An evolving plan to convert the vacant Gateway building into housing is the latest in a series of projects to transform a beleaguered stretch of East Main Street.
Initially, the plan was to redevelop the Gateway, Atrium AND Granite buildings – a $119 million undertaking effectively taking over half the block between St Paul and North Clinton.
But developer SAA|ERI, which has a regional office in Buffalo, could not agree to acquire the other two buildings.
“So we had to refine our concept and limit the project to Gateway,” said Connor Kenney, regional manager of the development company, “which is not a bad thing, because it is a huge building, and it certainly has enormous transformative potential on this block.”
When the project went from three buildings to two buildings and then to one, the price dropped to $62 million. While the number of units has gone up and down, 150 are now on offer.
Rents would vary. But there would be certain income limits on all units. The average renter would earn around $34,000. The building itself would have a new look, a new facade. Plans for the remainder of the block include the demolition of the small building immediately east of the Gateway building, creating a pedestrian plaza.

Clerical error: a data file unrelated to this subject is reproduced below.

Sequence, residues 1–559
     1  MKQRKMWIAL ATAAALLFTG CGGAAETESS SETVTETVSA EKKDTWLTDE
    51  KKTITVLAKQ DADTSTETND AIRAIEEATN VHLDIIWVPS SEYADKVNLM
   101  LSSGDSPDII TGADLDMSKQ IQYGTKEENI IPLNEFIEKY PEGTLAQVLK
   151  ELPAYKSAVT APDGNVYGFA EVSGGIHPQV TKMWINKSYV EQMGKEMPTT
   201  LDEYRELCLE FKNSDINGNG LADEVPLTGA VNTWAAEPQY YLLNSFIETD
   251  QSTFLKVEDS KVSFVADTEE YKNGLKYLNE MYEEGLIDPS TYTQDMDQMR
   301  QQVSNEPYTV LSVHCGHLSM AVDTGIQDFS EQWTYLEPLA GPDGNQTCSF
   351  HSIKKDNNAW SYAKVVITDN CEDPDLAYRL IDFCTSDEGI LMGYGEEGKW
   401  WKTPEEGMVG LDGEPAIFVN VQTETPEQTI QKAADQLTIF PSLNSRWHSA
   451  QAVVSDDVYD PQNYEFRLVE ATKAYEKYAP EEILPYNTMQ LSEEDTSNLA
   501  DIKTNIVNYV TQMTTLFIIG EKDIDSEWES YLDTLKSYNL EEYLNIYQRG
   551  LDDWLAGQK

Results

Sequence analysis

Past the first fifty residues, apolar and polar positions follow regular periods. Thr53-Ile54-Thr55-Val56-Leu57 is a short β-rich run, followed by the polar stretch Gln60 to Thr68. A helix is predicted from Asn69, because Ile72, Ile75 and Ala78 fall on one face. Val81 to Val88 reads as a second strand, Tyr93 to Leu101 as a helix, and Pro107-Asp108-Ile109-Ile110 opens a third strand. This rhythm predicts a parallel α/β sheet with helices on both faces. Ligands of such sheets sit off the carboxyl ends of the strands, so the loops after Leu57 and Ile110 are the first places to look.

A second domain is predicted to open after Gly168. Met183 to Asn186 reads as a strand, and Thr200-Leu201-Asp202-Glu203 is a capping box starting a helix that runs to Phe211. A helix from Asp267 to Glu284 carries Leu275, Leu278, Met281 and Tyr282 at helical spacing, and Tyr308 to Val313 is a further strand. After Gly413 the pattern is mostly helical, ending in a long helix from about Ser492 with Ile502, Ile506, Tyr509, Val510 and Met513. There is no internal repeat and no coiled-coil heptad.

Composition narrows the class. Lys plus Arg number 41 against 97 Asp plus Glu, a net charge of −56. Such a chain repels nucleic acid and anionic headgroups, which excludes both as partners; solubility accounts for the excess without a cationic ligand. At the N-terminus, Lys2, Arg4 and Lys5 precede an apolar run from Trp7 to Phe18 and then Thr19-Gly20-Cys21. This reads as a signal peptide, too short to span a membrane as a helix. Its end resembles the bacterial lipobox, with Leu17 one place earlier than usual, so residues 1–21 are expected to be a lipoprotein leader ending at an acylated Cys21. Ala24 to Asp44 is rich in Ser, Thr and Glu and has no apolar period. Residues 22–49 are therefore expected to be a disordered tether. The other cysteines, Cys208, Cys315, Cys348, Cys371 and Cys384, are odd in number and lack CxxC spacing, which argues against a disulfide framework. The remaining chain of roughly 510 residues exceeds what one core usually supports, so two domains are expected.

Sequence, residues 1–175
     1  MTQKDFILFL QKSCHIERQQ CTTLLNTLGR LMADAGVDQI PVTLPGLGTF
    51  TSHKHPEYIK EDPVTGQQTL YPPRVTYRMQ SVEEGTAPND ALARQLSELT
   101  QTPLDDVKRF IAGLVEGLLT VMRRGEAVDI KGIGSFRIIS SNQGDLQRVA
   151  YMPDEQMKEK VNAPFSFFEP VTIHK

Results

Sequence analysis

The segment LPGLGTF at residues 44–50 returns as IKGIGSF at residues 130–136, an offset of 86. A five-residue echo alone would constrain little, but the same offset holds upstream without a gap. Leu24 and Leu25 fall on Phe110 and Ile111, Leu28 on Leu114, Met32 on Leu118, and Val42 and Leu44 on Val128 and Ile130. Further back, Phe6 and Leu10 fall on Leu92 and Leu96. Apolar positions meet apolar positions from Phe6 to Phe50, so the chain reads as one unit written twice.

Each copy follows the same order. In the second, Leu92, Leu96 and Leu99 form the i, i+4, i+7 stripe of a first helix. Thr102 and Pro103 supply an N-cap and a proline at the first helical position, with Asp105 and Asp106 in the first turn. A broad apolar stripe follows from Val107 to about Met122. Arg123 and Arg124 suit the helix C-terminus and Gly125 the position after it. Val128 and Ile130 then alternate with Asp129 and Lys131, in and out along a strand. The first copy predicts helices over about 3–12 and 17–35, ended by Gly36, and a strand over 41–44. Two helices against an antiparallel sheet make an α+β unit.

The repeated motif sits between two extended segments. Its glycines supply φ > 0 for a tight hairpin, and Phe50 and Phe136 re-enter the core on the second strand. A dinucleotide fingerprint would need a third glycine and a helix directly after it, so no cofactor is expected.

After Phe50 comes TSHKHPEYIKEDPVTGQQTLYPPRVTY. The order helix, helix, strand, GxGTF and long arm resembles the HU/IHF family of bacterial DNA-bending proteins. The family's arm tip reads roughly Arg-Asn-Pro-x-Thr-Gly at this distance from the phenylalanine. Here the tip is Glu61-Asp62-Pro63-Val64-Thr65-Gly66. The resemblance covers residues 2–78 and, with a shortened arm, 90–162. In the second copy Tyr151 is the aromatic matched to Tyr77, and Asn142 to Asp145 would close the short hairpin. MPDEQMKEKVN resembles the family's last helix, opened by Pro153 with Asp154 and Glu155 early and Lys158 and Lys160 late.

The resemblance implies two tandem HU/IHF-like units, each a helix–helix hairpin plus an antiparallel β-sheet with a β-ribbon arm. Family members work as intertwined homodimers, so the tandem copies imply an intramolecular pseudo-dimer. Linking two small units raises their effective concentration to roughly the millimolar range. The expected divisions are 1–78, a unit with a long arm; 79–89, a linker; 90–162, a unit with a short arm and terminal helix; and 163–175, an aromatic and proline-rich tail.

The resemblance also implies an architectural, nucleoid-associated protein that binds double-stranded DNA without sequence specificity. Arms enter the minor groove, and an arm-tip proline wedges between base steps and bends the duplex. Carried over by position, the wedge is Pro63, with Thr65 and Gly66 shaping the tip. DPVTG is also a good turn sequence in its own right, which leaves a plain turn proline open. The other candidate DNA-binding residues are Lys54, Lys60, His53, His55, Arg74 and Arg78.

This would make the planned commercial space on the first floor of the building more attractive.
“Maybe we’ll put a coffee in it,” Kenney said. “But right now we think we’d like to do a food court.”
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It would be the company’s first project in Rochester. They are active in Buffalo and several states, primarily in the mid-Atlantic region.
“Developers who have been active in larger markets are starting to see a lot of the merits of markets like Buffalo and Rochester, and Syracuse and Albany,” Kenney said. “A lot of great things are happening in these cities.”
The company is expecting a few applications for state grants and other funding. Given that, they don’t expect to close and start construction until mid-2024.
The building once housed the local offices of Blue Cross Blue Shield, but has been vacant for years. The floors are large and open, officials said, which should make for a relatively easy conversion.
From the archives: Learn about proposals to revitalize downtown Rochester